Friday 8:00 PM on SyfyIn Season
|CT Post wrote:|
|Despite his run-ins with the federal government over steroids, McMahon is stubbornly skeptical regarding steroids' impact onhealth. |
The federal Food and Drug Administration classified steroids as a controlled substance in1991.
"There's not much information that you guys know about steroids other than the media is writing hysterically about them, and maybe they should," McMahon said. "I don't know there's really been any great research you can point to that definitely says this is deleterious to your health or in some cases it helps you or whatever . . . So I don't think there's enough empirical research done, certainly not by thegovernment."
Linda McMahon made similar comments in a recent interview with Bloomberg Businessweek, but her campaign spokesman soon afterward clarified she "believes steroid use can have long-term negative physical and psychiatric impact on the body, and those negative impacts obviously are exacerbated withabuse."
But Vince McMahon said he is not even sure what "abuse"means.
"What is abuse of steroids? I don't know what that is. No one can tell you what that is," he said. "You can abuse sugar or any other substance or any other drug. There's not enough known about these damnthings."
Dr. Gary Wadler of New York, an expert on steroid use and fellow with the American College of Sports Medicine, provided testimony in the federal government's unsuccessful prosecution of McMahon in the early 1990s. Wadler said McMahon's statements to Hearst "absolutely fly in the face of the facts as I know them, and I think I know the subject prettywell.
"Would we like to see more research done? Sure. I've always been in favor of getting as much facts as you can, but you can't ignore the facts that alreadyexist."
Wadler authored the textbook, Drugs and the Athlete, and is closely involved with the work of the World Anti-DopingAgency.
"It is very, very clear what the adverse effects of these drugs are and how they are being abused," Wadler said. "Statements of that sort -- they just don't comport with what's really goingon."
McMahon, who has admitted to using steroids before they were illegal, acknowledged that although he performs for WWE the drug policy does not apply tohim.
When Waxman's staff asked McMahon if he had used steroids since 1996 he declined toanswer.
"I'm in a no-win situation here," McMahon told Hearst, arguing whatever he does he will never be able to convince skeptics WWE's testing policies are not a farce. "If I take this test, then the test is a sham. If I don't take it then I'm guilty of something . . . I don't do illegaldrugs."
Dawn Marie Damatta, who performed with WWE from 2002 to 2005 and whose profile is still on the company website, said she has used steroids during the course of her wrestling career, which began in the late-1990s.
"I chose to take that shortcut," Damatta said. "Did Vince tell me to take that shortcut? No. Did WWE? No. Why did I do it? Because I thought that's what I needed to do in order to keep up . . . There was no testingpolicy."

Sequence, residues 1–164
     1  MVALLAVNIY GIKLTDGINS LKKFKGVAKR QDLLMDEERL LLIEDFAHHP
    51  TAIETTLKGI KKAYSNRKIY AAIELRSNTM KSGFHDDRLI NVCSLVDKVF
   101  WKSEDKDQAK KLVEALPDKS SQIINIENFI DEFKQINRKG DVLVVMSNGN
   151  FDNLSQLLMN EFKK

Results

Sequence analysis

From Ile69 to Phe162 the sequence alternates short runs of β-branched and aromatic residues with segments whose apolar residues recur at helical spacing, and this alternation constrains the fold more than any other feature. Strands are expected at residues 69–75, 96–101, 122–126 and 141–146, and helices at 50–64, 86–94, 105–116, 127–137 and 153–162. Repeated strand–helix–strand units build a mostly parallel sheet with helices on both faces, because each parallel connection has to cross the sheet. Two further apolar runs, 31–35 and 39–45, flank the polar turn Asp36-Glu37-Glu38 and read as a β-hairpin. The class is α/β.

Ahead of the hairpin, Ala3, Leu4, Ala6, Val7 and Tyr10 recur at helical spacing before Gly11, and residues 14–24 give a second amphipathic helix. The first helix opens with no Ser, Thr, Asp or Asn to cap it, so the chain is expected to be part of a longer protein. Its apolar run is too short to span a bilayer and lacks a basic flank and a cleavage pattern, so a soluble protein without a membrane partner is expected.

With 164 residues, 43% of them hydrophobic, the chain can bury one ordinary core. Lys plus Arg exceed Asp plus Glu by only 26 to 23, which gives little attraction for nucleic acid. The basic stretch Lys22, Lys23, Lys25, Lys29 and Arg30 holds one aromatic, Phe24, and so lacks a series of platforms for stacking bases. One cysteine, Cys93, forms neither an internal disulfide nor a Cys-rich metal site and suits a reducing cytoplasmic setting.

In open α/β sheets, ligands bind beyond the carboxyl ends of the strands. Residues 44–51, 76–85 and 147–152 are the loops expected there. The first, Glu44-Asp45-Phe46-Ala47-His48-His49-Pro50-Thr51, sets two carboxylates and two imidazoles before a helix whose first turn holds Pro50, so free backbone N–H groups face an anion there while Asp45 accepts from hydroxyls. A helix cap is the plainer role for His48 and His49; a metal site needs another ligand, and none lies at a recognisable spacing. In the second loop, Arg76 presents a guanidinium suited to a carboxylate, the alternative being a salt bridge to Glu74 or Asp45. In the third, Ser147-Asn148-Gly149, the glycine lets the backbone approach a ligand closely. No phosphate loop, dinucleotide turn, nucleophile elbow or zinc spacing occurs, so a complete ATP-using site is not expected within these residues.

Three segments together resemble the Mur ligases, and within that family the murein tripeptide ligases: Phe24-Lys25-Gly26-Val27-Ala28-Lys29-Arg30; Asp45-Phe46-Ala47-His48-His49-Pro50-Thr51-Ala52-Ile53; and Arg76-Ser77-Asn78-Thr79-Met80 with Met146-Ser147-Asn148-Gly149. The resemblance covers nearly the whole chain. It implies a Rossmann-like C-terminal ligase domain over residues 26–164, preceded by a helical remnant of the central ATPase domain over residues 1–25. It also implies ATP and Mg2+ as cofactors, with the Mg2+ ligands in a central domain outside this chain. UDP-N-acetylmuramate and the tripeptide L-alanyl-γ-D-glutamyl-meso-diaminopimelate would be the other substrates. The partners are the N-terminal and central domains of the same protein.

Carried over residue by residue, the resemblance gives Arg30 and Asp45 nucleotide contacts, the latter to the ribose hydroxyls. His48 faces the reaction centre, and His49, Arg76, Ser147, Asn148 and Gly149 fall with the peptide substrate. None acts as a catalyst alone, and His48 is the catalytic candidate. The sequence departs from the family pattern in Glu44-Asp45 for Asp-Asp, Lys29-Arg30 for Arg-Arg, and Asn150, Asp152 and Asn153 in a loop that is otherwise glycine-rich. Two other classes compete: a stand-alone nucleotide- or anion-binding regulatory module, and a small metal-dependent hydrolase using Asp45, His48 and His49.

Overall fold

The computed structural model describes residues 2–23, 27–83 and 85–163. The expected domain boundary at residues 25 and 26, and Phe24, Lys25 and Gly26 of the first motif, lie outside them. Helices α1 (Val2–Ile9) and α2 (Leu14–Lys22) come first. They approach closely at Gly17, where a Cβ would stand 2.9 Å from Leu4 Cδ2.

She said it is clear just from looking at the physiques of today's WWE talent that steroid use is not as prevalent as it used to be. And she believes the drug-testing policy is also reducing the abuse of drugs such as painkillers and savinglives.
Damatta said she likes and respects Linda and Vince but believes they could do more to assist formertalent.
"Wrestlers are taken as children, thrown into this industry and then we're dumped back out as adults. There's no learning in the world. We're on the road, traveling, hustling, getting beat up," Damatta said. "Where do I go? What do I put on aresume?"
|MOBILE, Ala. -- A federal judge today handed down a 4-year prison term to a local pharmacist convicted of participating in a nationwide conspiracy to illegally sell anabolic steroids made in Mobile. |
J. Michael Bennett, who was supervising pharmacist at Applied Pharmacy Services, was the first to be sentenced from a group of 5 men found guilty after a five-week trial earlier this year. His punishment was less than half of the 7 years and 4 months sought by prosecutors.
J. Michael Bennett ... gets four years in steroids case.
"I stand before you a different man than the one who worked for APS in 2005, even than the one who stood before the magistrate (judge) in 2007," a chastened Bennett told U.S. District Judge Ginny Granade. "I had no idea what I was doing was inappropriate."
Snapshots of the 5 defendants convicted of steroids charges Feb. 8, 2009:
For more on the Sports Legacy Institute, visit www.sportslegacy.org.
WWE RAISES CREDIBILITY ISSUES FOR CHRIS NOWINSKI
• Chris Nowinski did not reveal, as required, that he suffered previous concussions before signing his contract with WWE.
• He states WWE suggested that its performers take steroids. However, at no time does he ever state that it was suggested that he do so.
• His comments that WWE talent perform in matches 200 days a year is not factual. In 2009, the average active roster talent performed 135 days.
• A sheer fabrication --- that he went through tables four days a week.
• Mr. Nowinski states, "They have an environment where it's absolutely unsafe to work in that ring." "They have no oversight into what actually happens in the ring." If so, then why would Mr. Nowinski have ever wanted to be a part of such an environment?